Speaking at a Geekwire conference earlier this month, T-Mobile CMO Cole Brodman said if he had a magic wand he would use it to eliminate subsidies in the wireless industry because giving huge discounts in exchange for two-year contracts basically de-values mobile technology. His point was that if you charge me $50 for a $500 smartphone, you’re teaching me that the sophisticated mobile computer in my hand is just a mere throw-away device.
That’s bold talk from a carrier, especially from T-Mobile since it aggressively subsidizes it handsets. But nobody really expected T-Mobile to do anything about it. As Brodman admitted in his Geekwire talk, handset subsidies are here to stay, no matter how much wireless carriers claim to disdain them. But it appears T-Mobile does plan to doing something about subsidies: it’s taking the unusual step of raising prices on customers that opt for phone discounts.
According to documents obtained by TmoNews, in April T-Mobile plans to raise prices by $5 on two of its most popular mobile data bundles, but only on new customers who take a discount device from the carrier. Its value bundles, which allow a customer to pay the unsubsidized price of a phone up front or in installments (also known as bring your own device), will remain the same price and are already substantially cheaper then “Classic” subsidized plans. The bottom line is that new customers who fall for the lure of a cheap smartphone could wind up paying as much as $20 more a month for a voice and data plan than a customer who opts to fork over the device’s true cost.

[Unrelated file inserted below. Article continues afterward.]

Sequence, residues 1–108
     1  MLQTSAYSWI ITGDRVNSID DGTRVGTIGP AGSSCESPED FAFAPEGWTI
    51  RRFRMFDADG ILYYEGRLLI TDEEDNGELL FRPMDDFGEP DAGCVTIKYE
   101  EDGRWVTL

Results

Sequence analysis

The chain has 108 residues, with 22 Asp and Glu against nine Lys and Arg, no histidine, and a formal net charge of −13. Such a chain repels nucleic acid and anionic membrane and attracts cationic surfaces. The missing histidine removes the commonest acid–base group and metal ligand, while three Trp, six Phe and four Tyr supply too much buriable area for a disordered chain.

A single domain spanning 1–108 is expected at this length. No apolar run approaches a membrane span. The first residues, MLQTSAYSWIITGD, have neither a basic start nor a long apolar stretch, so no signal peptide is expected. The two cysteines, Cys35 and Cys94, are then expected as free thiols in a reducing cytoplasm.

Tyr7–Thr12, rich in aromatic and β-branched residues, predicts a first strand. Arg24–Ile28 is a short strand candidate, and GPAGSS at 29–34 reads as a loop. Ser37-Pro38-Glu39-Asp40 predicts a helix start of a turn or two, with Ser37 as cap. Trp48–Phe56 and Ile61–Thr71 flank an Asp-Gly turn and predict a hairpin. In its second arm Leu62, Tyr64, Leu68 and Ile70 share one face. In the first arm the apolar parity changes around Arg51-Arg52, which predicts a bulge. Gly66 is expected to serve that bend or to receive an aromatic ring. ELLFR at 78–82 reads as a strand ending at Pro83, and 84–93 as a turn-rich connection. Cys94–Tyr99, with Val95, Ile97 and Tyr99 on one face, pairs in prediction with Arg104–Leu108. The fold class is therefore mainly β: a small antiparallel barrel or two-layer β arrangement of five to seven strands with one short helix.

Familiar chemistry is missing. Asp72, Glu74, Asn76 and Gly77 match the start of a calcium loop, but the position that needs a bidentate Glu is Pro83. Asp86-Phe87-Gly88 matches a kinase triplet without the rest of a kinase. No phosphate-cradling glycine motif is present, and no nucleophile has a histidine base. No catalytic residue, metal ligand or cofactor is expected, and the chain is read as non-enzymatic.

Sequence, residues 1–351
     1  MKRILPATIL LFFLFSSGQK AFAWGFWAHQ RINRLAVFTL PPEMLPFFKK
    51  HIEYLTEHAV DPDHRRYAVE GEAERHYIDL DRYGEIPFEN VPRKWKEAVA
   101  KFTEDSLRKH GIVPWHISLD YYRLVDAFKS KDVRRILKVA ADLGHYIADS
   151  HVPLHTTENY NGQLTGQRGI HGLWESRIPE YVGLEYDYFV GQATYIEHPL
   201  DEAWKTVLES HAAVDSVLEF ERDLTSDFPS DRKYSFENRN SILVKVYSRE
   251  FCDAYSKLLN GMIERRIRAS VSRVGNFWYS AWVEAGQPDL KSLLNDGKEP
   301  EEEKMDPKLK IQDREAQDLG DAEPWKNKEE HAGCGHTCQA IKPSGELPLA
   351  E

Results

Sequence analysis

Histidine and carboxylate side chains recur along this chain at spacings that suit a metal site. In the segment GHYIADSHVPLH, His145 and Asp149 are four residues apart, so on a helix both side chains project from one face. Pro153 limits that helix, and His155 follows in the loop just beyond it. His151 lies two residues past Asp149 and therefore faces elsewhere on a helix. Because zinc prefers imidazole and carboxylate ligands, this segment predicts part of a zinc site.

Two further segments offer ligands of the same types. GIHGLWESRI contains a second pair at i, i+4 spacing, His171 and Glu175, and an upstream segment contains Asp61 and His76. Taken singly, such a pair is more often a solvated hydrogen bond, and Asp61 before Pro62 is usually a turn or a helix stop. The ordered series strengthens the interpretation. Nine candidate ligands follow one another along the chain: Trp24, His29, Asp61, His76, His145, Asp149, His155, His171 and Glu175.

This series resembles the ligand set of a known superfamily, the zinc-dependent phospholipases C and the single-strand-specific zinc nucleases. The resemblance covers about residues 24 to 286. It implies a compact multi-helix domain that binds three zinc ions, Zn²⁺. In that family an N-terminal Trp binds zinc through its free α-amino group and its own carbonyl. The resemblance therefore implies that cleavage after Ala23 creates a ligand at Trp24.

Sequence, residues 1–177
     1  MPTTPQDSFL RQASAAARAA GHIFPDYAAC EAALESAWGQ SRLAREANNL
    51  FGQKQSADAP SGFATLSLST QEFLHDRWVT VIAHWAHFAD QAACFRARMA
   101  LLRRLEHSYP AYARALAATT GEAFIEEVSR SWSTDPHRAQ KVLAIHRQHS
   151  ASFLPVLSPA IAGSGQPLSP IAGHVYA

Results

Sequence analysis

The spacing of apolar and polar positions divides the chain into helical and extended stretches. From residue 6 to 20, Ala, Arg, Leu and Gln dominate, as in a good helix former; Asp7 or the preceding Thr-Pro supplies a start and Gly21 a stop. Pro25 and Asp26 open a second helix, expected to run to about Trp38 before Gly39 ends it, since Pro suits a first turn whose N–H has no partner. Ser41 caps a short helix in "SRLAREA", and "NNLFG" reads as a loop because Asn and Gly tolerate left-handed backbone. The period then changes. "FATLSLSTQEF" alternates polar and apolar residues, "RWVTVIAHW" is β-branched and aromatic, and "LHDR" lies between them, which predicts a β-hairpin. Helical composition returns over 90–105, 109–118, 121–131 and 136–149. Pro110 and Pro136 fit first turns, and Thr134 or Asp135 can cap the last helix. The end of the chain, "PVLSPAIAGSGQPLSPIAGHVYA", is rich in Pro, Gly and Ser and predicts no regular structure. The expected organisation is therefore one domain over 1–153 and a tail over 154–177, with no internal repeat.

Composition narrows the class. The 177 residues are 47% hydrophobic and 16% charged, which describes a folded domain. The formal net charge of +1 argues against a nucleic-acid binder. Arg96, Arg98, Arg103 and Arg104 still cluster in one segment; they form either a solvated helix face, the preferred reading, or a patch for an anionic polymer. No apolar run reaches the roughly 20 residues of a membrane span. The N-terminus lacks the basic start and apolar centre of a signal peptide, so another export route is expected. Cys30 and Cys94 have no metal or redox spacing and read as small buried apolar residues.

Price increases are usually never good, but as TmoNews’ David Beren claimed, this may be the exception, and I happen to agree with him. Subsidized phones are truly never free. Operators just factor in the cost of the device into the contract. We wind up paying higher prices per megabyte and per voice minute because of it. The problem is once those contracts expire and operators have made back their customer acquisition costs, they don’t charge lower rates.
T-Mobile is removing the shadowy accounting veil from those policies, showing – quite aggressively – that a good deal of the cost of our rate plans is really just a mortgage payment against our phones. Do the math yourself: $20 times 24 months equals $480 in savings over the life of a contract. Meanwhile you can buy T-Mobile’s newest smartphone, the Nokia Lumia 710, for an unsubsidized price of $350. Suddenly that ‘free’ subsidy doesn’t seem like such a great deal anymore.